With the headlines the Mitsubishi has been getting lately, you’d think its cars would be on everyone’s radar screen, so it surprised me when my auto-PR friend had to ask what the Evo VIII MR was as he pulled up next to me at a media event the other day.

While this Lancer-based street racer does make an impressive showing with its tall rear wing, wide shoulders and a front end made" />

Issue: Mar 2005


Cars Worth Noting: 2005 Mitsubishi Evo VIII MR



2005 Mitsubishi Evo VIII MR

by John Peter

With the headlines the Mitsubishi has been getting lately, you’d think its cars would be on everyone’s radar screen, so it surprised me when my auto-PR friend had to ask what the Evo VIII MR was as he pulled up next to me at a media event the other day.

While this Lancer-based street racer does make an impressive showing with its tall rear wing, wide shoulders and a front end made up of a fascia-covered intercooler, only those tuned in to the tuner scene seem to appreciate it. The MR is the latest evolution in the Evo line, adding another five horsepower to the 2.0L DOHC intercooled-turbocharged I4, bringing it to 276 at 6,000 rpm and 286 lb.ft. of torque at 3,500 rpm. The MR also gets an exclusive shortthrow 6-speed manual transmission.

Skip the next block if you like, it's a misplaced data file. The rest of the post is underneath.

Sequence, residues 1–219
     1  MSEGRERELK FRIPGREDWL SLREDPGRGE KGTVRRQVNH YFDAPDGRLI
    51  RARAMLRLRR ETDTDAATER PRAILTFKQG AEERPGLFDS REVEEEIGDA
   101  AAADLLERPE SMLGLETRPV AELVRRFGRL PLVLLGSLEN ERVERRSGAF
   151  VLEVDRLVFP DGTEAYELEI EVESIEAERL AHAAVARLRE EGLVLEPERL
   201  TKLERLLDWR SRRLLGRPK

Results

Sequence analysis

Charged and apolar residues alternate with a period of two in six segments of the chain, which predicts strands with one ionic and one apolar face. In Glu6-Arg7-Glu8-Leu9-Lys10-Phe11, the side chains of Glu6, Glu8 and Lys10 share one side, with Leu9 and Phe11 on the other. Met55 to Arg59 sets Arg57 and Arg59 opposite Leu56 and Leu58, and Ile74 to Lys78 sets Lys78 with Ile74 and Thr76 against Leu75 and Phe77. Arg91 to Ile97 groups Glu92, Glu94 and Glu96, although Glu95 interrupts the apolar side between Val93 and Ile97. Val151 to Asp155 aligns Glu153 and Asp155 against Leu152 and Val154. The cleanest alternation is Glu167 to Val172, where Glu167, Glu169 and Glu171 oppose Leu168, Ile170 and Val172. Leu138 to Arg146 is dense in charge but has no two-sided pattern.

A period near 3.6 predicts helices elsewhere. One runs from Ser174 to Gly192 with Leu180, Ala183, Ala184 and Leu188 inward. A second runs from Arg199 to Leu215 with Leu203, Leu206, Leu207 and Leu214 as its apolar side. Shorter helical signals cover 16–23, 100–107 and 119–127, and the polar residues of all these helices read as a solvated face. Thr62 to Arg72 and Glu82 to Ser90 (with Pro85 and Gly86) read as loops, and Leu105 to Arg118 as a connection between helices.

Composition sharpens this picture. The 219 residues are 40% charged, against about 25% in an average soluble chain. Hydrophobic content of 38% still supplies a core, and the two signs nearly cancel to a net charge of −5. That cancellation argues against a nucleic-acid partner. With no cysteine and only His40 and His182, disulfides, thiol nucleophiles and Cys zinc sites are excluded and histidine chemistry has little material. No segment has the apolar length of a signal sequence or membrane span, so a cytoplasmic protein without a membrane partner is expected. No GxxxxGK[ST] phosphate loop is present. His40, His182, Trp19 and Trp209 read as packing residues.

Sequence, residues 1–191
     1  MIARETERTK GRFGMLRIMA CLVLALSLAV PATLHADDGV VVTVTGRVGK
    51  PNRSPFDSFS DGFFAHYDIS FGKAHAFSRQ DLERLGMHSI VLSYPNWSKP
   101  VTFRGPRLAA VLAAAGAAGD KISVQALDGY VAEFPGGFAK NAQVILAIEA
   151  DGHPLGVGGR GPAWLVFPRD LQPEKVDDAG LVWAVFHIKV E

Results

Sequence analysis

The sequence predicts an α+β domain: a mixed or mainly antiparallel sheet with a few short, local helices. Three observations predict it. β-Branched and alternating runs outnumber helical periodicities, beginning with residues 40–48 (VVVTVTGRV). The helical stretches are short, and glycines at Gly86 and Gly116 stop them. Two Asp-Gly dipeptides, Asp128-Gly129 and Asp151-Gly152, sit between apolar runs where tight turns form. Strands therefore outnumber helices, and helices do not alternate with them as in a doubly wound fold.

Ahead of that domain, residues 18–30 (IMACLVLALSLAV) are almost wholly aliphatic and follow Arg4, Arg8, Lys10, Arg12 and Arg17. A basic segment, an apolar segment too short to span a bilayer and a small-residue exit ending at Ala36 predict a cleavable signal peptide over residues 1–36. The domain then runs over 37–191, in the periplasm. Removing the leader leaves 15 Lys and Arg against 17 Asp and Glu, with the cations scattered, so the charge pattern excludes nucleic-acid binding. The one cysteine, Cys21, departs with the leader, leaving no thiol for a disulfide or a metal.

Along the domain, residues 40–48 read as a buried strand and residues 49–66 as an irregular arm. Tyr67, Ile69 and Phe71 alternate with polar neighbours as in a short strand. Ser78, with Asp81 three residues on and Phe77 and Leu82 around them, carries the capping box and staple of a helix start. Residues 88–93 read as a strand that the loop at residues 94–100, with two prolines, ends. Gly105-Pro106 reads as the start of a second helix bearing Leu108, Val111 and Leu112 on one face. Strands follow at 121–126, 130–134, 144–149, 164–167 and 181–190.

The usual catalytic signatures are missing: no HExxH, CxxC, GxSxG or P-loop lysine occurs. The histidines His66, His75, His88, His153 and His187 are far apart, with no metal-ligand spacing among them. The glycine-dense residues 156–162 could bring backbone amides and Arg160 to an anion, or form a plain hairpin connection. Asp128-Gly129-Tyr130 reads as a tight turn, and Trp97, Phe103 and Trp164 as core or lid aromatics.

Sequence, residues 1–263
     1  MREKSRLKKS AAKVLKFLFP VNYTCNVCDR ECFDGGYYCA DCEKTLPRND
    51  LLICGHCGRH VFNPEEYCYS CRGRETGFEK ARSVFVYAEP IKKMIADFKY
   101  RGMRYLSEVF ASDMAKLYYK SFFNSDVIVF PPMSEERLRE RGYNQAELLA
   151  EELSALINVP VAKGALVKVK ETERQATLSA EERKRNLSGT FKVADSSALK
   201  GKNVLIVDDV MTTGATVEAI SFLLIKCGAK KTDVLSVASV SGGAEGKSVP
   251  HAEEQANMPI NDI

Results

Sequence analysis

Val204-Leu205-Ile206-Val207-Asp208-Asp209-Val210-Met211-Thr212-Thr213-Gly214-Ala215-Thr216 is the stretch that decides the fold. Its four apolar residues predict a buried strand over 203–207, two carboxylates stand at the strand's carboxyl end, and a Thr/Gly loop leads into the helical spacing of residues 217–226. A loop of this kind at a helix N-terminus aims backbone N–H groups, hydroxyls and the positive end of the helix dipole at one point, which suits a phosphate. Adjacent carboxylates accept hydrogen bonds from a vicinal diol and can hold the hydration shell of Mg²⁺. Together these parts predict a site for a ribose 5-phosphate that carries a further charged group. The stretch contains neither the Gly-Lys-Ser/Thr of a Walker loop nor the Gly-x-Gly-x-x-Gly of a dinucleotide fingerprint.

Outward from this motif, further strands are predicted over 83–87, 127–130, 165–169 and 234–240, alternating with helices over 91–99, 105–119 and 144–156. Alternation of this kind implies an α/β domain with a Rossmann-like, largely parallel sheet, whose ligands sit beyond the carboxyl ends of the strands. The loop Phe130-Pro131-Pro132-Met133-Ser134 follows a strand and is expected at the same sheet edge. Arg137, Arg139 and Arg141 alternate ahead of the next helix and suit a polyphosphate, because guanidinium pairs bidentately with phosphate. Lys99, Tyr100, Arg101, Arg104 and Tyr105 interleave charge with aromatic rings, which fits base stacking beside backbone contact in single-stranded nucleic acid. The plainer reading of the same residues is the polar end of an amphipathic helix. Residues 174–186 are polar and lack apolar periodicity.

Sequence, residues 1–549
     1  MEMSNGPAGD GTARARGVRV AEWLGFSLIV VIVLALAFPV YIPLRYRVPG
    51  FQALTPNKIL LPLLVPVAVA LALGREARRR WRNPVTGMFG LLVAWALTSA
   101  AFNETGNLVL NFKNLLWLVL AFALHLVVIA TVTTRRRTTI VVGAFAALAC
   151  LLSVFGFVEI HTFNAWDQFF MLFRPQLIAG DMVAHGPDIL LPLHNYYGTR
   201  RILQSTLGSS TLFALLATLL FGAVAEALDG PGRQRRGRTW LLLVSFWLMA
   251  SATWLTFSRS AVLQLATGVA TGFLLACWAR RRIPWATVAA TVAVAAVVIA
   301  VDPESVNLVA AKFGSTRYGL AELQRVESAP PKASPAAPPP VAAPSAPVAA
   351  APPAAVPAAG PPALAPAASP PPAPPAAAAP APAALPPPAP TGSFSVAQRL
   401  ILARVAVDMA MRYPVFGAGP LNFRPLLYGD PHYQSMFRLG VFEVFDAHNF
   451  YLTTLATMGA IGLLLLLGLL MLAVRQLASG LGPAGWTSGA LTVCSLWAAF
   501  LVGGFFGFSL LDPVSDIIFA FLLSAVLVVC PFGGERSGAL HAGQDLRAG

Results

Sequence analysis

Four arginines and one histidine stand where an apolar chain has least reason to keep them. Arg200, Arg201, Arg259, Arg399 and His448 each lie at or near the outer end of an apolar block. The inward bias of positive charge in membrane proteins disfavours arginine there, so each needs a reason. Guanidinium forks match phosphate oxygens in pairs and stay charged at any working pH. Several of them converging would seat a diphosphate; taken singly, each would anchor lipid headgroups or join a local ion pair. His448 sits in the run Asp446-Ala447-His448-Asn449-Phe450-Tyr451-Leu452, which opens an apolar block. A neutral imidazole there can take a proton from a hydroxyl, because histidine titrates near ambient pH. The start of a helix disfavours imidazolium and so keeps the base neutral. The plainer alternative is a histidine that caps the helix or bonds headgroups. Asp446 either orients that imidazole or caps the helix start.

But it’s not the looks or extra horsepower that impressed me, it was the Evo’s handling. Engineers focused much of their attention on improving driving quality. An aluminum roof and high-strength aluminum impact bars in the doors, along with forged BBS aluminum alloy wheels cut weight by 27.6 lb.

Specially designed Bilstein monotube shocks keep all four wheels planted firmly on the ground, and an electronic active center differential along with a helical-style front limited slip differential make sure that every last horsepower is delivered to those tires.

Several years fine-tuning the suspension at Germany’s N?rburgring Nordschleife, Mitsubishi has delivered a car with exceptional feedback — a car that literally “feels” the road. Every minute change in road surface was transmitted from each corner of the car right up through the driver’s seat and steering wheel.

Three settings, (tarmac, gravel and snow) on the electronic center differential lets the driver fine-tune the suspension even further to optimize handling over different road conditions.

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